In addition, the President of the General Assembly stated, “The time has come for us to correct our wrongful ways. It is inexcusable that humanity tips the equivalent of a large garbage truck of plastics into the ocean every minute, every day. We have unleashed a plague of plastics upon the Ocean that is defiling nature in so many tragic ways.”

Peter Thomson also stated that “Illegal and destructive fishing practices along with harmful Fisheries are driving our fish stocks to tipping points of collapse. All the while, the greenhouse gases of accumulated carbon-combusting human activity are not only driving climate change, they are causing rising sea levels through ocean warming, while threatening life in the ocean through acidification and deoxygenation.”

On World Ocean Day, June 8, UN Secretary-General Antonio Guterres said, “The oceans make our home a blue planet. The oceans regulate climate, generate oxygen, and provide ecosystem services, energy and minerals. The life teeming below their surfaces and along the shore lines is a source of food and medicines. Oceans connect all of us, linking people and nature in cultural ties and they are essential for sharing goods and services across the world. The importance of our oceans to every single living being on our planet cannot be overstated. Today, we celebrate all that the oceans give us, and reaffirm our commitment to being good stewards.”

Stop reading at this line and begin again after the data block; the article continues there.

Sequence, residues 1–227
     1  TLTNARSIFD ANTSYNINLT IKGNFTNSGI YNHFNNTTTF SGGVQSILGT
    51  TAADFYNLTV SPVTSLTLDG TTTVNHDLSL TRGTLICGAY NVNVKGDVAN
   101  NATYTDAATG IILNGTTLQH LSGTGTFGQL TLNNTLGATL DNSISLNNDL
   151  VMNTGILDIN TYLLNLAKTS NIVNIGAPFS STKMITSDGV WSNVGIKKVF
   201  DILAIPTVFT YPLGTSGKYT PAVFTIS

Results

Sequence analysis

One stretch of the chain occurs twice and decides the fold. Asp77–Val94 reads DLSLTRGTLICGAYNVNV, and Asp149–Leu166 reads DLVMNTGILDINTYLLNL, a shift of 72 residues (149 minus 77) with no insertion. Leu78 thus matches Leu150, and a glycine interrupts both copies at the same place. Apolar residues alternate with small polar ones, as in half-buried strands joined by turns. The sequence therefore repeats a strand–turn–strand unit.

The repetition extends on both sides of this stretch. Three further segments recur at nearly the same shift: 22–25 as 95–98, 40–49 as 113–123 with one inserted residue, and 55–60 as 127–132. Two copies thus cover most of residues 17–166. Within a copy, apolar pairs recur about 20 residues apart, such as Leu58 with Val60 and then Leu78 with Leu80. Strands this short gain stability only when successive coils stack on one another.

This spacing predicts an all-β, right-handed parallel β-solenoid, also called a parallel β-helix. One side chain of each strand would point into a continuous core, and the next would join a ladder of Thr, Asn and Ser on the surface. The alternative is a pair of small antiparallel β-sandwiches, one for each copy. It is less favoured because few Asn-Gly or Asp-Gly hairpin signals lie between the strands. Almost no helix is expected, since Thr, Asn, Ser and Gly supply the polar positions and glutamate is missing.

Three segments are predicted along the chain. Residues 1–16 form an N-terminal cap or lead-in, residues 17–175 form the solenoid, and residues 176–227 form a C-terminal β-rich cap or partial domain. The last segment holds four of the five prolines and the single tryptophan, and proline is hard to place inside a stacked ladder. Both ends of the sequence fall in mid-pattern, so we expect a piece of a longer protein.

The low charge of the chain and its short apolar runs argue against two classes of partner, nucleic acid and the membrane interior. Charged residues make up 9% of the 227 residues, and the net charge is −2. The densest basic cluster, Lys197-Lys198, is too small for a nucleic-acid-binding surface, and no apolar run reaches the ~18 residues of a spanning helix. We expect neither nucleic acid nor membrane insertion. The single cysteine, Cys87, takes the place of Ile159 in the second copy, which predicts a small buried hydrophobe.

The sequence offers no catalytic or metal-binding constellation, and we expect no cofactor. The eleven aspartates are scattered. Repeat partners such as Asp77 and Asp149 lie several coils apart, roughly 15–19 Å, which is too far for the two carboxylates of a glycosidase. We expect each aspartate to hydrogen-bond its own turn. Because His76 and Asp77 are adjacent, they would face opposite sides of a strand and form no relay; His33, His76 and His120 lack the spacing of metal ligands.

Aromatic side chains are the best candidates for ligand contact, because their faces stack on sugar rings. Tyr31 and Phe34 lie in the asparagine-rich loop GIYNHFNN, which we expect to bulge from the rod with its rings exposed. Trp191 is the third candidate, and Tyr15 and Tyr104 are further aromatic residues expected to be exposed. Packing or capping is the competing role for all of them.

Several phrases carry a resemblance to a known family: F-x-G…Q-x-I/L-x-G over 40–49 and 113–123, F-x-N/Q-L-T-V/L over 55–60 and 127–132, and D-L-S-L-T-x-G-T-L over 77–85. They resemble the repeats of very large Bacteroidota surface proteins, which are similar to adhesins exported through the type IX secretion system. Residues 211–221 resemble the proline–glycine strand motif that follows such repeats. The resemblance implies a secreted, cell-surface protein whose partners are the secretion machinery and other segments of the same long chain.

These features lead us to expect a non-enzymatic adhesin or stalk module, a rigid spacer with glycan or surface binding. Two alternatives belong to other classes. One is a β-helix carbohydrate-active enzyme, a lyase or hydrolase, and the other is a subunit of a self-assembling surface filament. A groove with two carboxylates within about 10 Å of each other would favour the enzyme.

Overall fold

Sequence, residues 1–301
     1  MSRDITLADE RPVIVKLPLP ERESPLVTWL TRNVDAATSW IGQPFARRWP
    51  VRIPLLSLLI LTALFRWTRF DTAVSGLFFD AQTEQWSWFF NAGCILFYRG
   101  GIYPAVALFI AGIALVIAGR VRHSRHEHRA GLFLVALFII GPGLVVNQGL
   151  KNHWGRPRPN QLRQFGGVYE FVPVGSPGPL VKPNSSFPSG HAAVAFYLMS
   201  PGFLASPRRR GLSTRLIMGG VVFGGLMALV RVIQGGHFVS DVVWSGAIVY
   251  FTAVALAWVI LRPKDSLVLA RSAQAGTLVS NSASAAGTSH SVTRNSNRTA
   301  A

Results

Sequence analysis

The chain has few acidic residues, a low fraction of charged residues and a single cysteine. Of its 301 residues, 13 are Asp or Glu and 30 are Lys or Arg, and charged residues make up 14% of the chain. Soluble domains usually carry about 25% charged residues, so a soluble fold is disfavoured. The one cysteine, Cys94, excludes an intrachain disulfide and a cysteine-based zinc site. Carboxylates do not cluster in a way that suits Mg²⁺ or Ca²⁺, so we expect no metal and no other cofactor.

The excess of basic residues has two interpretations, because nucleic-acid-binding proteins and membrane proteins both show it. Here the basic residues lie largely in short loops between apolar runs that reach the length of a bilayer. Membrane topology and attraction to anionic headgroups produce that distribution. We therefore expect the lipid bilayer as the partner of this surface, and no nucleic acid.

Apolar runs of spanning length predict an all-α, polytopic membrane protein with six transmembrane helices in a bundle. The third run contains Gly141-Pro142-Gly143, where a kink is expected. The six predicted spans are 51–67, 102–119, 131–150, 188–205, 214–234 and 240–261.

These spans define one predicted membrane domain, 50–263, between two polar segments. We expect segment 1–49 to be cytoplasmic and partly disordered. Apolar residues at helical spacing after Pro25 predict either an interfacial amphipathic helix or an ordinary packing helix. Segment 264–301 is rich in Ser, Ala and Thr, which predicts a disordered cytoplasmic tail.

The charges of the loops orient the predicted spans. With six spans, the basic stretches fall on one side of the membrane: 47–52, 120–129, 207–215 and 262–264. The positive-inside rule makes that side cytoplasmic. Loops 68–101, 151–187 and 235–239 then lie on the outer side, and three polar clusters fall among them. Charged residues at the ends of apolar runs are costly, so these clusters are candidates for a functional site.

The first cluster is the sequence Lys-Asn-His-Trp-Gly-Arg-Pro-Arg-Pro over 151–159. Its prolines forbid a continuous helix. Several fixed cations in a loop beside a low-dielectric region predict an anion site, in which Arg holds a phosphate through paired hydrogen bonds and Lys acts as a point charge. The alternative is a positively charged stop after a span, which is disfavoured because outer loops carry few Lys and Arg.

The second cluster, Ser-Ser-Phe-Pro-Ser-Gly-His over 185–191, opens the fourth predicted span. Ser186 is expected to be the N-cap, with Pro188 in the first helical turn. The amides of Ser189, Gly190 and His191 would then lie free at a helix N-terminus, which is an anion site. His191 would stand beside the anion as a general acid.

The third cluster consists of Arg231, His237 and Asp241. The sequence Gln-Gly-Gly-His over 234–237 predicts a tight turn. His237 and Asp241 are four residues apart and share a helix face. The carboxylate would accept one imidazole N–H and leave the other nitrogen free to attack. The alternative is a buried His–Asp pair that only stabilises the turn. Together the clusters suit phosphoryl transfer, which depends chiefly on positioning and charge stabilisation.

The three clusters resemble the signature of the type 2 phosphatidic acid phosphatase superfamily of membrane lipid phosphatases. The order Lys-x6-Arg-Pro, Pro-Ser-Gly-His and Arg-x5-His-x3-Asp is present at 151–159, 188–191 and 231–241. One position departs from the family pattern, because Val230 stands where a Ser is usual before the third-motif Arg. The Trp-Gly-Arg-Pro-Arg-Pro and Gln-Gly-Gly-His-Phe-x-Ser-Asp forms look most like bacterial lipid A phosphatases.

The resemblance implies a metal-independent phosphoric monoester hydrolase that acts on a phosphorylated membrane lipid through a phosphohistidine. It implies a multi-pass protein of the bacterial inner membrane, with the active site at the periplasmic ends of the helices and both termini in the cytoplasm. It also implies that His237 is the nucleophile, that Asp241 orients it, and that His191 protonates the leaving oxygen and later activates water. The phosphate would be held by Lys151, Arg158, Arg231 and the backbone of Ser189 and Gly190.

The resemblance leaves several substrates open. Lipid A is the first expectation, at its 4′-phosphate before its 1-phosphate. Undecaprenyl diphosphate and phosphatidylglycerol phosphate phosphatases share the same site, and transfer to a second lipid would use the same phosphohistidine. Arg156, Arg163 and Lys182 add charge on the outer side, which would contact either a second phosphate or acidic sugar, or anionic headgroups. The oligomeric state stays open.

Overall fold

The successful UN Ocean Conference was co-chaired by Sweden and Fiji
UN Secretary-General Antonio Guterres (second from left) is pictured with Josia V. Bainimarama, Prime Minister of the Republic of Fiji, during the Fijian traditional welcome ceremony which Opened the Ocean Conference. UN Photo/Mark Garten.

In addition, Wu-Hongbo, Under-Secretary General for Economic and Social Affairs and Secretary-General of the Ocean Conference said, “The Conference marked a major step forward for the implementation of the Sustainable Development Goals.” Participants from Member States, NGOs, civil society, the private sector, the scientific community and academia engaged in wide-ranging discussion and shared state-of-the-art knowledge and latest information on marine science and challenges.”

Ann Charles

Ann Charles is UN Bureau Chief of “Baltic Review” based in New York City. She covers diplomatic activities at United Nations Headquarters in New York and the world body’s work in human rights, education, culture, the environment, and tourism, among other global concerns.